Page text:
Independent panel confirms that Ramaphosa has broken the law

The DA has noted the findings of the independent panel established in terms of the National Assembly rules; giving effect to Section 89 of the Constitution.

This is a defining moment for our constitutional democracy and must not be taken lightly.

The panel makes some serious findings against the president, chief among them being that he may have violated the constitution. These are grounds for impeachment proceedings in Parliament. This is exactly why our focus must now be on the Parliamentary process.

While a vote on whether to institute impeachment proceedings against the president requires a 50% majority, we do hope that the ANC in Parliament will put party interests aside and abide by the constitutional obligation we all have.

The DA will study the report and the DA Leader will make an announcement on steps to be taken going forward tomorrow.

DA Speeches- 16 days of Activism for no violence against women and children

The speeches below were delivered during the debate on 16 Days of Activism for no violence against women and children in the National Assembly on Wednesday, 30 November.

Solly Malatsi MP–  Government failures are creating an enabling environment for GBV to thrive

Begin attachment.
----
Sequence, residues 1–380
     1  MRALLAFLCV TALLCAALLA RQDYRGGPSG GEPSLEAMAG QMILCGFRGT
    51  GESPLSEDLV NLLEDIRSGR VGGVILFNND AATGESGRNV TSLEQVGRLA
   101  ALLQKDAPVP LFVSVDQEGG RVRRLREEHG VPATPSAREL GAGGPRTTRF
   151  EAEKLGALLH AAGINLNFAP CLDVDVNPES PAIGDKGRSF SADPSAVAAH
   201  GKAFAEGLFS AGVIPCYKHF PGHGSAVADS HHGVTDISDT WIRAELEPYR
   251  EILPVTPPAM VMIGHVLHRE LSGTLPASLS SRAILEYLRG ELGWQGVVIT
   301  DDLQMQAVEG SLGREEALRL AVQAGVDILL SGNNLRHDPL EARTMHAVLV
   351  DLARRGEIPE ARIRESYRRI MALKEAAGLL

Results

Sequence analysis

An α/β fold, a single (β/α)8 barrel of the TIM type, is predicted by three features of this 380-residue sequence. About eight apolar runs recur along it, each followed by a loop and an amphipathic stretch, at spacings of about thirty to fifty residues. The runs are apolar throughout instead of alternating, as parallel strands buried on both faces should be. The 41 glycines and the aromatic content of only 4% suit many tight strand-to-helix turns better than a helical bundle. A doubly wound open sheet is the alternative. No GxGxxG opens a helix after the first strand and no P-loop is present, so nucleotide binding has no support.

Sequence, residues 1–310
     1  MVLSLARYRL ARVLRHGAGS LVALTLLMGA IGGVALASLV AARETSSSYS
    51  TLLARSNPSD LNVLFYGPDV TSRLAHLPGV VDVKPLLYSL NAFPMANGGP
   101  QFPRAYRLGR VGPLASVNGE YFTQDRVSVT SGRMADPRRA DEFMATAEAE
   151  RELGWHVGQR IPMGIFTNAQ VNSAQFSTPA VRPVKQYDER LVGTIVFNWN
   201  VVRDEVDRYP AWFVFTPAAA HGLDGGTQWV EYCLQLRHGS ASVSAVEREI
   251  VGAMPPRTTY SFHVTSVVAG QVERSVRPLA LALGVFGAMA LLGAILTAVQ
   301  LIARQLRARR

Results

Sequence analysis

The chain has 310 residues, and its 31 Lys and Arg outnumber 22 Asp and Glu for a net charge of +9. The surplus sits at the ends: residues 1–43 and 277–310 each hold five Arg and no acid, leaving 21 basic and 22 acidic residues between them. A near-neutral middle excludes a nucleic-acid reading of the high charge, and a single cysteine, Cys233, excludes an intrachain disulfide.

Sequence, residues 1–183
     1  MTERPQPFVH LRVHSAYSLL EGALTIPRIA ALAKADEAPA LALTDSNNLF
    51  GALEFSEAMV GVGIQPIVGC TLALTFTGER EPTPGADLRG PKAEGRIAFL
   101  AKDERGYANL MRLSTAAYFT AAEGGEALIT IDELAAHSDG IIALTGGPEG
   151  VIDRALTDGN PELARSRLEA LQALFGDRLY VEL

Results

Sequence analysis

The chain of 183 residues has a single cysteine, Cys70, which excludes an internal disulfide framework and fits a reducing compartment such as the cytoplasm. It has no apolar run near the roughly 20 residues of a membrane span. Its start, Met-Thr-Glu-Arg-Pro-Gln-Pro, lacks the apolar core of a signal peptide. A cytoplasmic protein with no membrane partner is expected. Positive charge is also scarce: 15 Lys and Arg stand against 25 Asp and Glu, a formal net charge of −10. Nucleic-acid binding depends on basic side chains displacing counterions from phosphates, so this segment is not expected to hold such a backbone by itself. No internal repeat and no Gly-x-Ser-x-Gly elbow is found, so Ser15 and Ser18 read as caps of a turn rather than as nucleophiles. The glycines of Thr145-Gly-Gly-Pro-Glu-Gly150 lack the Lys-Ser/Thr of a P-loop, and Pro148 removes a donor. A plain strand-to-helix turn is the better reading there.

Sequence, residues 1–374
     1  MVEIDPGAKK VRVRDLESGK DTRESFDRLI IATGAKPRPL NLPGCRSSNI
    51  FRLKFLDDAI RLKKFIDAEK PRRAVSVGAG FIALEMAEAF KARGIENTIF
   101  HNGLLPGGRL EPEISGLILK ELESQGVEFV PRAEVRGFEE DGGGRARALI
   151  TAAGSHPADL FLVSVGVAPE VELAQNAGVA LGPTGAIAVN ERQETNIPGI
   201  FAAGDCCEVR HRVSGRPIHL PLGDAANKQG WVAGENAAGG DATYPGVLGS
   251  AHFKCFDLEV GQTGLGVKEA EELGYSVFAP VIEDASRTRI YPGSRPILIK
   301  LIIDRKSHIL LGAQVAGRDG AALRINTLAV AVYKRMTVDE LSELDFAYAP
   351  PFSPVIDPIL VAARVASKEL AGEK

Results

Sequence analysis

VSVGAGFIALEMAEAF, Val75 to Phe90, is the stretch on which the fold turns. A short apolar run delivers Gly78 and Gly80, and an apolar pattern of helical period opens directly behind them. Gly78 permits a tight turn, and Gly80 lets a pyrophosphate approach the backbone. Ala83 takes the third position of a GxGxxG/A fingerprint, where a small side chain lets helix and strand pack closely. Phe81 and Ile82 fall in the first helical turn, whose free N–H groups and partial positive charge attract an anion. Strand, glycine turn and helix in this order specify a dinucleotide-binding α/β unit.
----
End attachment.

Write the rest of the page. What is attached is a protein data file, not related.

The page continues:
Annerie Weber MP16 days of activism against gender-based violence – to end the violence against women and children

Karabo Khakau MPPresident Ramaposha chose Mr Bheki Cele over the Safety and Lives of Women

DA’s Land Justice Bill to turn millions of rural citizens into property owners

Please find attached a soundbite by Thandeka Mbabama MP.

Earlier this month, the DA called on the South African Human Rights Commission (SAHRC) to probe government human rights violations for denying land ownership for millions of rural South Africans living in so-called “communal” or “trust” areas. Today, we are ready to announce our next step in our fight for rural citizens.

It is very clear that government is failing to implement Section 25(6) of the Constitution, which explicitly states that “A person or community whose tenure of land is legally insecure as a result of past racially discriminatory laws or practices is entitled, to the extent provided by an Act of Parliament, either to tenure that is legally secure or to comparable redress”.